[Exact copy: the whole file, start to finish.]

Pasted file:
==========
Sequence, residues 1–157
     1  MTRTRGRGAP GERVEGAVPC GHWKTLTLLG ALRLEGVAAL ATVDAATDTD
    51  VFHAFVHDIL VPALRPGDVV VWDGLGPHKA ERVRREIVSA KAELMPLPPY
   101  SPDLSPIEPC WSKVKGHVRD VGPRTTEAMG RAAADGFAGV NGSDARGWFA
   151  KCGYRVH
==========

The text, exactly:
Sequence, residues 1–157
     1  MTRTRGRGAP GERVEGAVPC GHWKTLTLLG ALRLEGVAAL ATVDAATDTD
    51  VFHAFVHDIL VPALRPGDVV VWDGLGPHKA ERVRREIVSA KAELMPLPPY
   101  SPDLSPIEPC WSKVKGHVRD VGPRTTEAMG RAAADGFAGV NGSDARGWFA
   151  KCGYRVH